An ML Newsletter from Novetta
Welcome to the July 2020 BASELINE, Novetta’s Machine Learning Newsletter, where we share thoughts on important advances in machine learning technologies. This is another special month, as we invited additional members of our 2020 intern class to share their latest findings. They selected topics covering:
- Fairness and bias in ML
- New methods for interacting with tabular data
- Information extraction from forms
- Preprocessing for deepfake detection models
As more questions arise concerning the ethical implications of machine learning (ML) usage, prominent conferences, such as NeurIPS, are beginning to ask contributors to evaluate and disclose the ethical implications of their work as a part of the submission process. One way that ethical considerations are being raised is in the field of relational ethics. Relational ethics is generally defined as a search for justice and fairness in human interaction, but in the context of ML it is defined as a search for justice and fairness in ML and algorithmic bias. Researchers at UC Dublin suggest several resolutions for achieving this goal in their paper Algorithmic Injustices: Towards a Relational Ethics. Their central premise can be summarized as follows:
When designing new ML algorithms and products, focus on impact over methodology, and consider how certain groups are impacted in a way that may reinforce certain social norms or biases. What society deems fair and ethical changes over time and therefore when defining bias, fairness, and ethics for a proposed solution these definitions should be viewed as being in flux. This allows for revision in accordance with the dynamic development of such definitions.
The applications of ML are endless, but so is the potential for negative unintended consequences for vulnerable, disproportionately impacted groups. Relational ethics is one tool that might mitigate the unintended consequences of ML and algorithmic bias.
A New Model for Understanding Tabular Queries
TaBERT is the first pretrained language model to simultaneously understand the representations of both unstructured text and structured tabular data, such as traditional databases. Using the idea of a “content snapshot,” TaBERT focuses on the most relevant parts of tabular data by learning the data’s structure for a smaller subset, as opposed to simply learning column names. This pairing of unstructured and structured data allows text data to represent questions relating to the tabular data, which act as answers. TaBERT is designed to enable analysts with no knowledge of structured query languages (SQL) to phrase questions in natural language and perform complicated queries, retrieving answers from large, structured databases.
Better Information Extraction from Forms
Extracting information from forms in a quick, accurate, and consistent way is difficult due to differences in organization, fields, or even file formats. Human review of forms is labor-intensive, and optical character recognition methods alone may miscapture or fail to identify all information. A recent paper from UC San Diego and Google researchers outlines a new method for reading form documents and learning new document formats using Google’s Vision and NLP cloud services. Starting from a scanned document and a set of fields to extract (and their information types, e.g. currency, date, or alphanumeric string), optical character recognition pulls out all text from the document, while the Vision cloud service records the locations of the text within the document, independent of the text’s content. The NLP cloud service then performs entity extraction on the scanned text, creating lists of text pieces by type. The pertinent information about each piece of text is encapsulated in an embedding of its position and its relationship to surrounding text (its neighborhood). Each field is matched with a single candidate text piece, using the embedding to determine how well that piece of text fits with the field, or determined not to have a matching string.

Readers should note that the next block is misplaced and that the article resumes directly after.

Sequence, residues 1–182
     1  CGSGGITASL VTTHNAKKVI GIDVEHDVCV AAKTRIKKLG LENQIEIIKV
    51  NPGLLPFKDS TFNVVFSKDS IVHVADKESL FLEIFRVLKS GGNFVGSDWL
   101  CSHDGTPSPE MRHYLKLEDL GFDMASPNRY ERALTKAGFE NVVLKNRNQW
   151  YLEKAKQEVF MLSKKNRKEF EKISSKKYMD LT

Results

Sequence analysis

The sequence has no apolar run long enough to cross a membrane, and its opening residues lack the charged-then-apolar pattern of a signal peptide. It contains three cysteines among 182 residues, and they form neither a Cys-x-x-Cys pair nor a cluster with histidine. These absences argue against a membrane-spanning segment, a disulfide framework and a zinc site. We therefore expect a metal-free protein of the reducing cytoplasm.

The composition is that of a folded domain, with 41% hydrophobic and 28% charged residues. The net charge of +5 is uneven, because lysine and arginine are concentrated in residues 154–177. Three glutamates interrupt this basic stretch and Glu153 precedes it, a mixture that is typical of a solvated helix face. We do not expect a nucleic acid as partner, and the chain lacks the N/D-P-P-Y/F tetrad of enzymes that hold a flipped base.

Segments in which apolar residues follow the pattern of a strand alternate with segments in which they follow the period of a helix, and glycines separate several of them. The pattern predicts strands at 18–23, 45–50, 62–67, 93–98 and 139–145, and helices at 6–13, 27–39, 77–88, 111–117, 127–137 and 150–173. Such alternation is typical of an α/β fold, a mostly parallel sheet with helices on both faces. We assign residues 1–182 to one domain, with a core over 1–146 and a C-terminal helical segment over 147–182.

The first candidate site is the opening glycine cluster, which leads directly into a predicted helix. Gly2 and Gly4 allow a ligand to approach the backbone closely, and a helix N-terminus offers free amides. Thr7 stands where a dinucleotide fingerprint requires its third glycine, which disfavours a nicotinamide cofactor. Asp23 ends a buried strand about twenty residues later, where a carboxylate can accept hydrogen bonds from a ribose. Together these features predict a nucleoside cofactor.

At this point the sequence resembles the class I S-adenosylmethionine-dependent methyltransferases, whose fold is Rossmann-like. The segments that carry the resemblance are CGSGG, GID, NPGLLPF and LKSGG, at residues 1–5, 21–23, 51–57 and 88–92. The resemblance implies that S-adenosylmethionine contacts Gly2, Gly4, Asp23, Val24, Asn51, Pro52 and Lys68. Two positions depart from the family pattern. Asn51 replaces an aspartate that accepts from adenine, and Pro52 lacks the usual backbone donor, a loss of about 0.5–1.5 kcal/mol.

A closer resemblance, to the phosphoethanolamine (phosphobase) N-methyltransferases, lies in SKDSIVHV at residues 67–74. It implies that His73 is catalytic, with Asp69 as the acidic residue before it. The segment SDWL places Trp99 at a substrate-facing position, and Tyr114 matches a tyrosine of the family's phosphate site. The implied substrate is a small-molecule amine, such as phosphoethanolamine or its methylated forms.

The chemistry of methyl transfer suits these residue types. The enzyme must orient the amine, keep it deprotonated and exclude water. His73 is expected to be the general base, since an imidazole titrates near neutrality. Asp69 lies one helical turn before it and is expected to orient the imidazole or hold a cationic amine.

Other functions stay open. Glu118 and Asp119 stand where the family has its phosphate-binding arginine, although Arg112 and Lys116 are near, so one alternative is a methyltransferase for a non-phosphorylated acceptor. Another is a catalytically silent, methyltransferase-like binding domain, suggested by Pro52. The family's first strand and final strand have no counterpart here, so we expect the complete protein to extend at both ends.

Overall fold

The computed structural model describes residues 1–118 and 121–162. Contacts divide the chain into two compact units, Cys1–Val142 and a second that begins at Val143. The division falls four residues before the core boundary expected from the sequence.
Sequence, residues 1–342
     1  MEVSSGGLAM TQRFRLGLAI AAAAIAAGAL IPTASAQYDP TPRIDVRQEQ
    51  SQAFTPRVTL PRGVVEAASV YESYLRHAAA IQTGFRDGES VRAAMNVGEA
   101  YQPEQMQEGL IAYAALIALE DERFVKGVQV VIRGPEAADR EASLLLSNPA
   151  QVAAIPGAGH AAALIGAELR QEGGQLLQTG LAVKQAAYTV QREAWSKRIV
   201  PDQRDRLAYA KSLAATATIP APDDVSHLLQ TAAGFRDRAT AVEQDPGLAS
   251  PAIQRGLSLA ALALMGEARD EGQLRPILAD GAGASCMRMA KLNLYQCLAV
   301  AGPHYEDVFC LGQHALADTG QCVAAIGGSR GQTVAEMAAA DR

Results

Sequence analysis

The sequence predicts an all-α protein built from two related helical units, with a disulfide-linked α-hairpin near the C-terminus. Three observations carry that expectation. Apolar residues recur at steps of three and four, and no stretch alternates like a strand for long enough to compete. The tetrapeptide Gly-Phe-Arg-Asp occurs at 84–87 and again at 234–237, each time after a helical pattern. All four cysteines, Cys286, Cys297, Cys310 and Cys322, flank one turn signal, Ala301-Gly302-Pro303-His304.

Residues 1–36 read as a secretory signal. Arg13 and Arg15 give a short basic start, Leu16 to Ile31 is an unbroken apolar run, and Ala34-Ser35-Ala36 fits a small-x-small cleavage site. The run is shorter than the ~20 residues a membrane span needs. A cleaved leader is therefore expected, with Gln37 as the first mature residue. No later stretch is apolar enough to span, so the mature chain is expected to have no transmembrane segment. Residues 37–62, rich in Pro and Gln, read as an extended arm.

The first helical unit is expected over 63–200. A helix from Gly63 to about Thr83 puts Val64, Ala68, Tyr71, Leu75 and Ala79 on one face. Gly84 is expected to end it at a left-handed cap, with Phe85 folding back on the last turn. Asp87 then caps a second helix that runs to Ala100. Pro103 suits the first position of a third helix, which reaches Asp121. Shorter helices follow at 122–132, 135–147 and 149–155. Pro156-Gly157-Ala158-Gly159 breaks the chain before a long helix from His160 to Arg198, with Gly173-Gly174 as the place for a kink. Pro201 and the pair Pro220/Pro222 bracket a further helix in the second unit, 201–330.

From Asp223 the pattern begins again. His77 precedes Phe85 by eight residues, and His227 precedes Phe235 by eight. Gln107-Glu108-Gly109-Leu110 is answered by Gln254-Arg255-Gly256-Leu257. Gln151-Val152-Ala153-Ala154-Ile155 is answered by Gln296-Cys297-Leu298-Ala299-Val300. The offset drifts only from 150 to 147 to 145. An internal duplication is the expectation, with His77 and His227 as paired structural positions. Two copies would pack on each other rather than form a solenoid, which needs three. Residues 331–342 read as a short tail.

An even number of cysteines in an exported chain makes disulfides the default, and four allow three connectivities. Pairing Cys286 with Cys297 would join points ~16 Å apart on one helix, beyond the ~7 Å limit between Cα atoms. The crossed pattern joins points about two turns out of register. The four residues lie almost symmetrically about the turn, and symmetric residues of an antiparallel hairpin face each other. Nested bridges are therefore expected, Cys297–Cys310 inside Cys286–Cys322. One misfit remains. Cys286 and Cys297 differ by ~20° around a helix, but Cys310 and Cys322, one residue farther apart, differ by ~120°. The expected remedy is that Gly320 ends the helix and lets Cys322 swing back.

The method outperforms others on invoices and receipts in all but one field type, performs well on multiple file formats and unseen form templates, and is interpretable through proximity visualizations of candidate text and target field embeddings. It is also designed to guard against overfitting by omitting the candidate text content from consideration when selecting strings for fields.
Data Preprocessing for Deepfake Detection
While the hype in machine learning tends to be focused on bigger and better neural networks, practitioners know that data selection and processing can have a large influence on model performance. In the case of deepfakes, one of the current detection processes involves using face detection algorithms to isolate and create a dataset of only the face regions for each frame in a video. This approach allows researchers to find inconsistencies and potential manipulations across a series of images. However, false positives output by face detectors (i.e. images that do not contain faces) can add noise to the training datasets used for deepfake detection models. By incorporating a preprocessing step outlined by a team at the Center for Research and Technology, Hellas (CERTH), most false positives can be eliminated. This step involves first computing facial embeddings for each face image in the dataset. These embeddings are then used to compute a similarity score between faces over a series of images, enabling researchers to remove spurious images whose embeddings do not meet a baseline similarity threshold. This process improves overall deepfake detection accuracy by 5-12%.
This research was performed under the Novetta Machine Learning Center of Excellence.